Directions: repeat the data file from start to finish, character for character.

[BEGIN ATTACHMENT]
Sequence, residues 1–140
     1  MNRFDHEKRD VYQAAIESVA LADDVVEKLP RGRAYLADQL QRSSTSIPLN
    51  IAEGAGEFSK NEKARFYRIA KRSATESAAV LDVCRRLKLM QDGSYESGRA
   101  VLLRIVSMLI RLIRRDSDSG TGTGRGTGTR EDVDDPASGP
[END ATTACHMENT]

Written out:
Sequence, residues 1–140
     1  MNRFDHEKRD VYQAAIESVA LADDVVEKLP RGRAYLADQL QRSSTSIPLN
    51  IAEGAGEFSK NEKARFYRIA KRSATESAAV LDVCRRLKLM QDGSYESGRA
   101  VLLRIVSMLI RLIRRDSDSG TGTGRGTGTR EDVDDPASGP